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Shoulder Replacement Surgery Through the Institute for Joint Restoration and Research

Shoulder Replacement Surgery Through the Institute for Joint Restoration and Research

Author: John G. Costouros, MD

Posted: March 2020

One in 4 Americans is living with some form of arthritis. A collection of more than a hundred different conditions, arthritis and other rheumatic conditions can cause anything from joint pain and stiffness to skin rash.

The most common form of arthritis is primary osteoarthritis, also called degenerative joint disease or OA. Over time, the inflammation caused by OA erodes the cartilage within a joint, a connective tissue that coats the ball and socket parts of the joint and allows for smooth and fluid motion. Once the cartilage is worn out, the bones in a joint grind against each other, causing pain and reduced function. The physical limitations OA can cause is why it is the leading cause of disability in the US.

While most commonly found in the hip and knee, it’s estimated that 1 in 3 people over the age of 55 have shoulder OA.

Arthritis in the Shoulder

Total shoulder replacement, also known as total shoulder arthroplasty, is used to treat the degenerative effects of arthritis by replacing the worn joint with a synthetic implant. Using modern techniques and implants, total shoulder replacement is able to reliably eliminate pain and restore nearly normal function so you can return to normal work and most recreational activities. Unlike the more common hip and knee joint replacement surgeries, total shoulder replacement is less prone to ‘wearing out’ and can last a lifetime.

While less common than knee or hip replacement, some 53,000 Americans undergo shoulder joint replacement surgery each year. There are two categories of total shoulder replacement: (1) anatomic total shoulder replacement and (2) reverse total shoulder replacement. The reverse total shoulder replacement is designed for patients with rotator cuff tears, select complex fractures, and some revision situations where an anatomic total shoulder replacement will not perform well.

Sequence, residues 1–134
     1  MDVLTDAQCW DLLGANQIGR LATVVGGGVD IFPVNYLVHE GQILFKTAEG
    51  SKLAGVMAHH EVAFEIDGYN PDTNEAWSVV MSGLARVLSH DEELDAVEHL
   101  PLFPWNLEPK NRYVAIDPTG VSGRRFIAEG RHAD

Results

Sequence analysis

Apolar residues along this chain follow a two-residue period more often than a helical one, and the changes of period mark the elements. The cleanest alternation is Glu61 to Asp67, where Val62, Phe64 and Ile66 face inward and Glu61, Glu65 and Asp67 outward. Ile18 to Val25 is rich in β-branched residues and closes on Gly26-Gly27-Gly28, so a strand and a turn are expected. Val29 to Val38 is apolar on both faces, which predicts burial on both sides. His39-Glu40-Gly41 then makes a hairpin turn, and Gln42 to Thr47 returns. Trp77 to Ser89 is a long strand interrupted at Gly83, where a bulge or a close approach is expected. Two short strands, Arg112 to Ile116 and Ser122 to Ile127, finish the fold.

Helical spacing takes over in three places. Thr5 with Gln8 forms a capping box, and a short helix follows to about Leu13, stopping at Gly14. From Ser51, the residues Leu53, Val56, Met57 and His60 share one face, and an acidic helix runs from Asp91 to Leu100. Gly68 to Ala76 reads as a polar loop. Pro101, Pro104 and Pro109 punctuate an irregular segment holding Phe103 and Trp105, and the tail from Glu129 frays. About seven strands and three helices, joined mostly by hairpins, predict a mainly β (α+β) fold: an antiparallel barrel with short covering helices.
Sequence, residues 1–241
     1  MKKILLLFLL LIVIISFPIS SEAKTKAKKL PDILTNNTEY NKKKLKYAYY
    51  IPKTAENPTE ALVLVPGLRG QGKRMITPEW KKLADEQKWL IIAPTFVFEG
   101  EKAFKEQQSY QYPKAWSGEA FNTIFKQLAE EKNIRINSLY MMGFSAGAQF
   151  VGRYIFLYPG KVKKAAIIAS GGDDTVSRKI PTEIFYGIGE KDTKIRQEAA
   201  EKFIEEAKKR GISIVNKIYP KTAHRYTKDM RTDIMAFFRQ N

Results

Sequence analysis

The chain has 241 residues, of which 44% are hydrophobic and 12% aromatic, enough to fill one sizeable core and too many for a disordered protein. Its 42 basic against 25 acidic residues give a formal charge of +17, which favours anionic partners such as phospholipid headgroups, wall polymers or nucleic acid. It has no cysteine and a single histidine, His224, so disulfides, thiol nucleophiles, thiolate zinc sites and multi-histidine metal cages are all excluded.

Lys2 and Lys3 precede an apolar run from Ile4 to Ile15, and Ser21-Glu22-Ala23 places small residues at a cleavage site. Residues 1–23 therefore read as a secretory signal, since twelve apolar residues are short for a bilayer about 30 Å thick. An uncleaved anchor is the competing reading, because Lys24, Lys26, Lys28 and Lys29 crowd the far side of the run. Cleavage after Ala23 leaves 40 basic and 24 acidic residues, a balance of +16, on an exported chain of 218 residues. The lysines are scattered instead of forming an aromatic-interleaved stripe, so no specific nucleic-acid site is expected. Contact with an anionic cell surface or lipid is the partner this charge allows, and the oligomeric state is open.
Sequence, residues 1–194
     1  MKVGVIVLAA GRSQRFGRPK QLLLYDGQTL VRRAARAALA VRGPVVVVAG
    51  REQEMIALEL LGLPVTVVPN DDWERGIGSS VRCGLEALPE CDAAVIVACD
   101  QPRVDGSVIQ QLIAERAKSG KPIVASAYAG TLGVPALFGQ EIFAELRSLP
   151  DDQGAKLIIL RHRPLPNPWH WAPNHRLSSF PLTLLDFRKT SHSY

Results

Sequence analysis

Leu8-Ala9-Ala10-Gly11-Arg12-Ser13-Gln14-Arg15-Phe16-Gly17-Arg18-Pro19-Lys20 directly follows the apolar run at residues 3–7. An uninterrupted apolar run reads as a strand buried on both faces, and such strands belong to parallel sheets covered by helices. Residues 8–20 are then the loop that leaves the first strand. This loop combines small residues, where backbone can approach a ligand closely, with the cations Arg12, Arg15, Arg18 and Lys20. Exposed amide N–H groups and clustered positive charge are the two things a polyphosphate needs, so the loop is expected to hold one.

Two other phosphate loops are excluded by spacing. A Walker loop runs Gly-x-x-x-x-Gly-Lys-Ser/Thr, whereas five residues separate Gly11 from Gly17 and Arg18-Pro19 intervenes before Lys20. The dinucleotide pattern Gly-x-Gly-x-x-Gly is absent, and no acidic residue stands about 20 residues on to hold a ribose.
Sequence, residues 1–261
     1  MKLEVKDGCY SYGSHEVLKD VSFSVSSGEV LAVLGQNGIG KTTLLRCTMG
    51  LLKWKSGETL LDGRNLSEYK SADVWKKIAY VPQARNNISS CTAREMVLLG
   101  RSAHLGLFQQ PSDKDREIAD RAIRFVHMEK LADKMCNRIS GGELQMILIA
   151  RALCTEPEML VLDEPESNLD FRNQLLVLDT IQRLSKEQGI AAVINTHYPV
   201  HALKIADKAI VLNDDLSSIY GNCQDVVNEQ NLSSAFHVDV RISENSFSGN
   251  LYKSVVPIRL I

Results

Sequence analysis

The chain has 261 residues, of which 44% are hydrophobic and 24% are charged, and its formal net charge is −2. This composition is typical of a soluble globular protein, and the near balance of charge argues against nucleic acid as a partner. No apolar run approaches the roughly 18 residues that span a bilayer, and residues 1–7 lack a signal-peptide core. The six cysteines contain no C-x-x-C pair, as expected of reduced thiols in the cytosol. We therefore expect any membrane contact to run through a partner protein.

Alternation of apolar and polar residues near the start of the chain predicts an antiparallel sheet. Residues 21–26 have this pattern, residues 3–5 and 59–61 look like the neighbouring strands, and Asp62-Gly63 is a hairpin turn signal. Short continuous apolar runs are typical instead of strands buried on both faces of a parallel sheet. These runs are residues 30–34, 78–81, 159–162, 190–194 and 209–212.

Before this procedure can be recommended, your doctor may order X-rays to determine the extent of your joint damage and alignment. Your doctor may then follow up with a CT scan or MRI to evaluate the quality and condition of the surrounding bone and tissue. Recent technological advances now enable the surgeon to use software to virtually plan for your surgery and allow for greater precision during surgery using CT scans.

Depending on how advanced your joint damage is, your doctor may recommend nonsurgical treatments like physical therapy, anti-inflammatory medications or injections. These conservative measures may delay the need for surgery by reducing symptoms but will not reverse the loss of cartilage. In some cases, a minimally invasive outpatient procedure, called shoulder arthroscopy, may be an option for select patients whose arthritis is not very advanced or who are not candidates for total shoulder replacement.

Shoulder Replacement at the IJRR

If you’re living with shoulder arthritis, you already know how the pain and reduced motion can impact your quality of life. However, while there may be no cure for arthritis, it is possible to live a long, full life thanks to advancements in joint replacement procedures, like the ones offered through Washington Hospital’s Institute for Joint Restoration and Research.

At the IJRR, we’ve streamlined the joint replacement process, turning what was once a weeklong stay in the hospital into, for the majority of cases, an outpatient procedure without sacrificing patient outcomes or quality of care. Building on the successes of our hip and knee replacement specialties, we’ve recently added total shoulder replacement to service offerings. The vast majority of patients who undergo total shoulder replacement are discharged on the same day of surgery or the following day.

Learn more about how education and specialization are improving quality of life for our patients, with our featured video on the Institute for Joint Restoration and Research.